The ‘buy button’: a revolution in ecommerce?

The last few weeks have seen a flurry of social networks announcing plans to morph themselves into ecommerce operations. First YouTube announced plans for shoppable adverts, before parent company Google quickly followed suit with a similar concept. Then we had the excitement of Instagram and Pinterest announcing plans for what are effectively ‘buy buttons’ on the same day.

The ‘buy button’ isn’t a new phenomenon. Twitter announced plans for a ‘buy button’ back in September last year, so it was only a matter of time before the others caught up. Twitter’s ‘buy button’ caused quite a lot of excitement, not least because the infamous social network is part of a growing number of internet start-ups that gain huge valuations without actually making a profit. We’ve seen a quite a few of these so-called ‘unicorns’ recently, and investors’ logic seems to be that there must eventually be a way to make money from having that many people in the same place.

Having said that, today’s departure of Twitter’s CEO might suggest they’re running out of patience. What really interests me, though, is the effect that these sites are going to have on ecommerce more generally. It’s amazing to think that ecommerce is now affecting businesses that might previously have seemed immune to the march of technology. In March, formalwear retailer and hire service Moss Bros announced that its full-year pre-tax profits had jumped 9%, largely thanks to its ecommerce sales growing by 59%. Previously I’d have though that a customer experience as intimate as buying or hiring a suit couldn’t be replicated online, and obviously it can’t, but the convenience offered by online shopping can’t be replicated in store either. The spate of ‘buy buttons’ from the likes of Google, Instagram and Pinterest are designed to make online shopping even easier.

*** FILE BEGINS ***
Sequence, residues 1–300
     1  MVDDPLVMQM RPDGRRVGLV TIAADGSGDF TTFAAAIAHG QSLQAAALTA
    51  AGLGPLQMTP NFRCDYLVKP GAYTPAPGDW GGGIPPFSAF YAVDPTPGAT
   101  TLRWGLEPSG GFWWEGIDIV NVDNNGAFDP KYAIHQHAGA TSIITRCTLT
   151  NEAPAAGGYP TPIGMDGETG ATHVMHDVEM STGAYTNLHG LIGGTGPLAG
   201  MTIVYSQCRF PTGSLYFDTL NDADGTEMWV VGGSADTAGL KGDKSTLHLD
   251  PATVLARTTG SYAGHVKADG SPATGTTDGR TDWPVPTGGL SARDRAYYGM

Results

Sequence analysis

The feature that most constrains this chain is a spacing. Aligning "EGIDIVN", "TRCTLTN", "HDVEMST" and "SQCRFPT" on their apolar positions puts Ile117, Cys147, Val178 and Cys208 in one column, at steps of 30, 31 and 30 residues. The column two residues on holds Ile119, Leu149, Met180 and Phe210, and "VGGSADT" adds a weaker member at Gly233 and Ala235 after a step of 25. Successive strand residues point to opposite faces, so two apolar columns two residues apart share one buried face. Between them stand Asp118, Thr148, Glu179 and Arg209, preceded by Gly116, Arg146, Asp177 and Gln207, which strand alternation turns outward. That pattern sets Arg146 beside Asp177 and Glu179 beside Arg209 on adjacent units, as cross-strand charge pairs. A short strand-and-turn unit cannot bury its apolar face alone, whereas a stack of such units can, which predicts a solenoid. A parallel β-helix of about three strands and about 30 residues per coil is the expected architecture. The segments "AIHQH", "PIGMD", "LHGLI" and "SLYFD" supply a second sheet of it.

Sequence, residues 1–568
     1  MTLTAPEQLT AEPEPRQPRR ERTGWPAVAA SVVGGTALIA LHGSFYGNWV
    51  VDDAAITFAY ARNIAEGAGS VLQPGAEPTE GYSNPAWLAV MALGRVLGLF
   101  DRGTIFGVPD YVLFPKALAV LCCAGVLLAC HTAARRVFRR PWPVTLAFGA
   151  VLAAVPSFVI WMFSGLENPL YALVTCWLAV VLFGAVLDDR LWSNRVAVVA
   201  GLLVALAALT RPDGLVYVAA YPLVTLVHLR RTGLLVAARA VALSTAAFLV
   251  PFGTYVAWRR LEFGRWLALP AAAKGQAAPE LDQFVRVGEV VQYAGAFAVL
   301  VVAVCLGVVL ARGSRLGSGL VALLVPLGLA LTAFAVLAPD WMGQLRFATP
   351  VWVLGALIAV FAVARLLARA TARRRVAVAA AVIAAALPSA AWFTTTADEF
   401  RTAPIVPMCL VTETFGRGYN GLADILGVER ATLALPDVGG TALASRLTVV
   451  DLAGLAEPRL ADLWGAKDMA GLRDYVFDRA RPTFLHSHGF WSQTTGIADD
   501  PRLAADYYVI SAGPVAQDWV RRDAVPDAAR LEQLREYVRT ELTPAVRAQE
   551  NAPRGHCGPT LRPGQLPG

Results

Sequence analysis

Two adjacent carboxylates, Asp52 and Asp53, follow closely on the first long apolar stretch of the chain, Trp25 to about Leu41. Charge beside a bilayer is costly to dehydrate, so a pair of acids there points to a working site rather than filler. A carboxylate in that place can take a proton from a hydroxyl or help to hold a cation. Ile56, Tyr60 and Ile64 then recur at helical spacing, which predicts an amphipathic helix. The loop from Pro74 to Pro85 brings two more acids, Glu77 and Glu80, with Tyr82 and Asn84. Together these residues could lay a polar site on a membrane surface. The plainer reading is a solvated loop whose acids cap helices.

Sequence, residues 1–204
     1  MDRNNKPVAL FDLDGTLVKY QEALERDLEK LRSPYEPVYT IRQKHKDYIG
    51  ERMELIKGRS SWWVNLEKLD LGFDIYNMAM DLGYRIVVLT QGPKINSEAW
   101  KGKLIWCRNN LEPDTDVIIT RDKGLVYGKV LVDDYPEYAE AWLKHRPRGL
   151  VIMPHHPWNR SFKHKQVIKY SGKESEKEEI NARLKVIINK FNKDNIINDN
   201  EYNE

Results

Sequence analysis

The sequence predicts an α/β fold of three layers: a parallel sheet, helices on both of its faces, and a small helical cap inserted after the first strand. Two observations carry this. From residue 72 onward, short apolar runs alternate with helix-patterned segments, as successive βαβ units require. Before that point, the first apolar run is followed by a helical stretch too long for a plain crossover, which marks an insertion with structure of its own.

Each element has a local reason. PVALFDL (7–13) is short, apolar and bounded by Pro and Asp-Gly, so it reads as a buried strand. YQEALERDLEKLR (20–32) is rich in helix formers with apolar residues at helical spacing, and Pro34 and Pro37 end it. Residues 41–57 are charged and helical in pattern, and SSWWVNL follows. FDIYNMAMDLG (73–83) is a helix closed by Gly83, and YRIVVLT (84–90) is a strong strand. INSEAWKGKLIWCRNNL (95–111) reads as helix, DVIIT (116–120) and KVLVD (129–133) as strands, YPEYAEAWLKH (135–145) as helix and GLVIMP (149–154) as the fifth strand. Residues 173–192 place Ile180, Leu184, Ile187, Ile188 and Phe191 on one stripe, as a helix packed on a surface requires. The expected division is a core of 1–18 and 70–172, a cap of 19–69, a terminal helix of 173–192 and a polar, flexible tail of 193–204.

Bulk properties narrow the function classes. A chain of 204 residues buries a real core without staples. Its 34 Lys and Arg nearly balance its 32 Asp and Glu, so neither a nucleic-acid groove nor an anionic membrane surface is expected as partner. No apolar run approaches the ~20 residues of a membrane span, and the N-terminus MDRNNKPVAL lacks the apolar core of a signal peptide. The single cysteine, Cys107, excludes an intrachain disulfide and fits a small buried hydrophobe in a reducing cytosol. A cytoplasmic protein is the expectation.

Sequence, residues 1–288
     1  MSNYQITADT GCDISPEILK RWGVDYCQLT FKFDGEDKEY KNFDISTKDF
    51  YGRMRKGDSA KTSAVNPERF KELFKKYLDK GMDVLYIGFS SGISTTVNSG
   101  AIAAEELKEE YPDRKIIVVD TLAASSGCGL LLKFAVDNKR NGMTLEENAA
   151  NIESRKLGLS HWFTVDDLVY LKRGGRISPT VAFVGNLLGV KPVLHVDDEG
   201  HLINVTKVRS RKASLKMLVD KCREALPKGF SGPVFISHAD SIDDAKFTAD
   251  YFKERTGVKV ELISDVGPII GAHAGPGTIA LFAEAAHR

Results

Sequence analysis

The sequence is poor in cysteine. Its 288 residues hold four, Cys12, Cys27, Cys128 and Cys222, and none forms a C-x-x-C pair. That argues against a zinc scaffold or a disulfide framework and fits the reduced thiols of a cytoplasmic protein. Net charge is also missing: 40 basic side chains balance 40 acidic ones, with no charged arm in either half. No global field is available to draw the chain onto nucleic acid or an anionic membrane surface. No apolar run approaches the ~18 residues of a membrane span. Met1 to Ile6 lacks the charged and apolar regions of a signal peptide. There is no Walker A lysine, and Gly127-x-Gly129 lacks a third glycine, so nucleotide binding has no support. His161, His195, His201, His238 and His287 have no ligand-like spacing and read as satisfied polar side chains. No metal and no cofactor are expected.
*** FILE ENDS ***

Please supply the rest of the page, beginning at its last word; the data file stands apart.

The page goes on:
One crucial aspect that they all share is that the user can now make purchases without leaving the website where they found their purchase in the first place. If ecommerce is all about the conversion rate – that is, converting someone from simply browsing to actually buying – then making shopping this convenient is a good place to start. A recent article in the Harvard Business Review suggested that Pinterest is well positioned to harness the visual nature of its service, and that rivals would do well to follow suit. As a photo-sharing app, Instagram also looks like a good bet to be successful. Instagram is, of course, owned by Facebook, which has plenty of data regarding its users’ likes and interests, so its shoppable ads should be well targeted.

Are we going to see more exciting shoppable ads from the ecommerce operations of bricks-and-mortar retailers, then? Possibly, although as the Harvard Business Review points out, part of the attraction of sites like Pinterest and Instagram is that you’re likely to stumble across items they weren’t necessarily looking for, whereas the average Moss Bros shopper probably set out to buy a suit. I think there will be space for both types of ecommerce to exist, but one thing I can say for sure is that we’re witnessing the most exciting evolution of social media since it was born over a decade ago.

How much do you think internet-based shopping will change the social networks? Let me know at and have a great weekend!